What is evaluation?

There are many ways to explain what evaluation is and what it is for. Here are some of the key points common to most of these explanations.

Evaluators examine programmes, policies and interventions to determine their value, merit and worth. Evaluation is a social and political practice that has its own approaches, theories and frameworks. Its major purpose is to provide relevant evidence, rigorously gathered and analysed to inform decisions about the value of policies and programmes and appropriate allocation of resources. Doing evaluation involves acknowledging multiple perspectives, using many different methods and managing the different interests and values of stakeholders and participants. Evaluation is a field of activity that has grown rapidly over the past five decades and is still evolving to embrace a range of new approaches to assess the value of organisations, policies and programmes in complex environments.

The UK Evaluation Society promotes evaluation according to important principles of transparency and access and contends that evaluations should be ethical in the way they are designed, carried out and used. Evaluation can include a wide range of approaches from, for example, contribution analysis, participatory evaluation or developmental evaluation to experimental or quasi-experimental designs. The UK Evaluation Society is not associated with any of these theories or methods in particular and exists to promote rigour, transparency and excellent practice in all evaluations, whether they are carried out by organisations internally or with the help of external, independent experts. It promotes evaluations as a way to support positive change and better use of public resources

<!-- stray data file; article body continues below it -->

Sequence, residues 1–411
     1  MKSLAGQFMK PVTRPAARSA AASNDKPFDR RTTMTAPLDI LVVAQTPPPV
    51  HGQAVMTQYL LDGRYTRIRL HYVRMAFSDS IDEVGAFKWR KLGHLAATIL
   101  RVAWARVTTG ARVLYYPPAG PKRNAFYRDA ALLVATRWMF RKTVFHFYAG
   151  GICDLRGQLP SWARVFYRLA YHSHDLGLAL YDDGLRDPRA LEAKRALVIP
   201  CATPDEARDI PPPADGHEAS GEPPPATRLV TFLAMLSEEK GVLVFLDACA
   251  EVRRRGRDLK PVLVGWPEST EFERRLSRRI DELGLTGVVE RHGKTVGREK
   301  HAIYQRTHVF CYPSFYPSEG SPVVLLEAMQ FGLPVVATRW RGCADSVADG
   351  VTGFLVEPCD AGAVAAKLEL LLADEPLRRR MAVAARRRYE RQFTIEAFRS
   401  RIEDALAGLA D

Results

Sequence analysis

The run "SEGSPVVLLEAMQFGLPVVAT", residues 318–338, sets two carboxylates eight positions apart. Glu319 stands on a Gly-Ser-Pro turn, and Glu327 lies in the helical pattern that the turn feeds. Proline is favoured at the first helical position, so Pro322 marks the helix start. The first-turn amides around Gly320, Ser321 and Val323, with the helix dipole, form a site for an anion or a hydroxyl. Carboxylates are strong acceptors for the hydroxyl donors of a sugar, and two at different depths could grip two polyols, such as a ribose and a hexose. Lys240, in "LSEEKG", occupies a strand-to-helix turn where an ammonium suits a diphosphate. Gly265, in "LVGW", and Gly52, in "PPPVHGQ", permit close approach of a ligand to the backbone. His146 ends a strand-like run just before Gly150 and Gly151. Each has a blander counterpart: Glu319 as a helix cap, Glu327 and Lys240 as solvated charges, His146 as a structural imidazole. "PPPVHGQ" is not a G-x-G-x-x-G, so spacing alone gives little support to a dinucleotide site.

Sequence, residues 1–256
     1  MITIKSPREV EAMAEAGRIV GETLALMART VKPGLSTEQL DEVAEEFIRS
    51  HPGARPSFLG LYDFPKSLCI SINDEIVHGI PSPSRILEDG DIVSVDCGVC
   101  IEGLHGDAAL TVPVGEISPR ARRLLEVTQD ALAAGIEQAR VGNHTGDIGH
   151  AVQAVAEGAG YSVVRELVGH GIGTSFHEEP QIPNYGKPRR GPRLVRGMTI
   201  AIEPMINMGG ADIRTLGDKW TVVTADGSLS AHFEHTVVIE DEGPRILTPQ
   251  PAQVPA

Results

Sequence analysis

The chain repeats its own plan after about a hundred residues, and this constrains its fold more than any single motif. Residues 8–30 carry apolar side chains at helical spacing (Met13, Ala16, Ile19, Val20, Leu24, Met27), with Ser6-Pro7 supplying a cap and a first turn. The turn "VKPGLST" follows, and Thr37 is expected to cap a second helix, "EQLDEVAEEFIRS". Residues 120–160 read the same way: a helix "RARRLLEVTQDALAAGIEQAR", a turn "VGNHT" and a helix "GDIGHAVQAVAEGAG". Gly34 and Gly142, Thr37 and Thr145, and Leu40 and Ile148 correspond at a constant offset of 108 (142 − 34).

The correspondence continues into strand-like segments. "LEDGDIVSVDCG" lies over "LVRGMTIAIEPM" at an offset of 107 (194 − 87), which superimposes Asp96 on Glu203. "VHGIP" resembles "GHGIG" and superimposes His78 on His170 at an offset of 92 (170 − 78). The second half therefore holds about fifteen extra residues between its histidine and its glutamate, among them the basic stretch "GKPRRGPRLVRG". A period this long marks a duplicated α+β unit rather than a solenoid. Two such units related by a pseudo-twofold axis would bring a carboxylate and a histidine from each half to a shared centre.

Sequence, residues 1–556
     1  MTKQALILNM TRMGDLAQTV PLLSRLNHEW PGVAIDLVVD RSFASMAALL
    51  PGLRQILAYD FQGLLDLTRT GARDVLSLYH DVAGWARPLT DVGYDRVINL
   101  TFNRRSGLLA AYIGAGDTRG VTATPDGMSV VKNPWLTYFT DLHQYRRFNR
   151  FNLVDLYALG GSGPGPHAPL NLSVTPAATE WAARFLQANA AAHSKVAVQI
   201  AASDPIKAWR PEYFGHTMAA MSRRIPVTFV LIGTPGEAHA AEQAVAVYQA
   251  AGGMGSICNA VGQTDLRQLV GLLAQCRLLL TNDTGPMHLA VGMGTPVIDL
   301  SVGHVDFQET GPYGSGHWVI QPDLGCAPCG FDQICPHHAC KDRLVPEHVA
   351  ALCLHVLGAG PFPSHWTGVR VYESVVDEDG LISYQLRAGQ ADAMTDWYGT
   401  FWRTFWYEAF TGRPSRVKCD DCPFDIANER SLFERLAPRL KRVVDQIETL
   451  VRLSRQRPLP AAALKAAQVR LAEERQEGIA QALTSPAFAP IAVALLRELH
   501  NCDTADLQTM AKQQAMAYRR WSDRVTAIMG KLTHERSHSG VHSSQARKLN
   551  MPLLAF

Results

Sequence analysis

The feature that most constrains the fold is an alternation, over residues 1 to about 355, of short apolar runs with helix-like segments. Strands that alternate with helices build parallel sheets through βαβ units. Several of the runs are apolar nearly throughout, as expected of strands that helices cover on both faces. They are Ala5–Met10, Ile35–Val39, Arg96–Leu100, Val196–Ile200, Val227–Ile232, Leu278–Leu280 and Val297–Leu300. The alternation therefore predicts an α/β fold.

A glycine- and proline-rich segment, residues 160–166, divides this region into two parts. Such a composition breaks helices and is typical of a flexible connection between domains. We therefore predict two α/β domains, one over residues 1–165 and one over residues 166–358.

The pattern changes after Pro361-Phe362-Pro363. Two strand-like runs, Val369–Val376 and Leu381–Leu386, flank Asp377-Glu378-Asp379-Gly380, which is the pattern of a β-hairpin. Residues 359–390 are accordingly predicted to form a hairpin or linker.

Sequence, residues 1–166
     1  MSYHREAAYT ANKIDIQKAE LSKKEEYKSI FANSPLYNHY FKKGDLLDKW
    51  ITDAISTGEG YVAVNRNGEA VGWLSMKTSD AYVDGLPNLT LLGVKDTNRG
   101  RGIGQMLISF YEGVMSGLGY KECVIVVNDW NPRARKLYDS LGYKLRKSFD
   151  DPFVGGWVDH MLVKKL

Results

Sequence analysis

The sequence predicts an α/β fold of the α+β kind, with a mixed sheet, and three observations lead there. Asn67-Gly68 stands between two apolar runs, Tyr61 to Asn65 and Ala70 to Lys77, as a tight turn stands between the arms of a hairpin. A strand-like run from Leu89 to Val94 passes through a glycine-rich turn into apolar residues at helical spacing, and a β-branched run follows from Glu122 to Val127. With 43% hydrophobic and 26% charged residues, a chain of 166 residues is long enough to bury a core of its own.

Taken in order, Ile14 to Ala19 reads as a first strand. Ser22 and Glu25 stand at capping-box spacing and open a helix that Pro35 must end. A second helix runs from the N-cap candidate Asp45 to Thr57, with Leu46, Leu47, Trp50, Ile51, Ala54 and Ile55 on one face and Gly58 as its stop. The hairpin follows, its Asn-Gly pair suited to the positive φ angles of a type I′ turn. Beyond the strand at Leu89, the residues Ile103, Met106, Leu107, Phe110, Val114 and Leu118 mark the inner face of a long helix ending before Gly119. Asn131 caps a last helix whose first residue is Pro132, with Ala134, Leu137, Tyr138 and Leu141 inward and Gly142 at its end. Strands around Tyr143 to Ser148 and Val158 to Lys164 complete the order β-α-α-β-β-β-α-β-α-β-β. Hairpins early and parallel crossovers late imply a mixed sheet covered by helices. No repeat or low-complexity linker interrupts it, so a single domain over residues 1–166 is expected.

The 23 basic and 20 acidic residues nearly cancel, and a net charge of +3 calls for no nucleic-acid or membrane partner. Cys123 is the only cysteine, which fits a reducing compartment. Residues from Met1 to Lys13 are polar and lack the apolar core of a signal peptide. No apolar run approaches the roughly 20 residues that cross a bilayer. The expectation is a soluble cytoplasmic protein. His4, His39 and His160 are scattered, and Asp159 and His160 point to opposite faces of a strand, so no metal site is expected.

In summary, evaluation has four aims:

  • It contributes to making sense of complex environments: telling us how policies, programmes and interventions are working and analysing the factors that contribute to outcomes for diverse stakeholders.
  • It contributes evidence for public debate in contexts where there are social and political pressures to account for decisions and spending which have an impact on society, and where issues of equity and diversity affect the way resources (money, time, effort) are spent.
  • It evaluates how policies and programmes designed to create change have an impact: how much of a difference they made; also highlighting the difficulties and uncertainties involved in doing this. Evaluation provides evidence-based accounts and evaluative judgments of policy and interventions.
  • Evaluation aims to be credible and useful for future policy and practice and to facilitate evaluative thinking and action.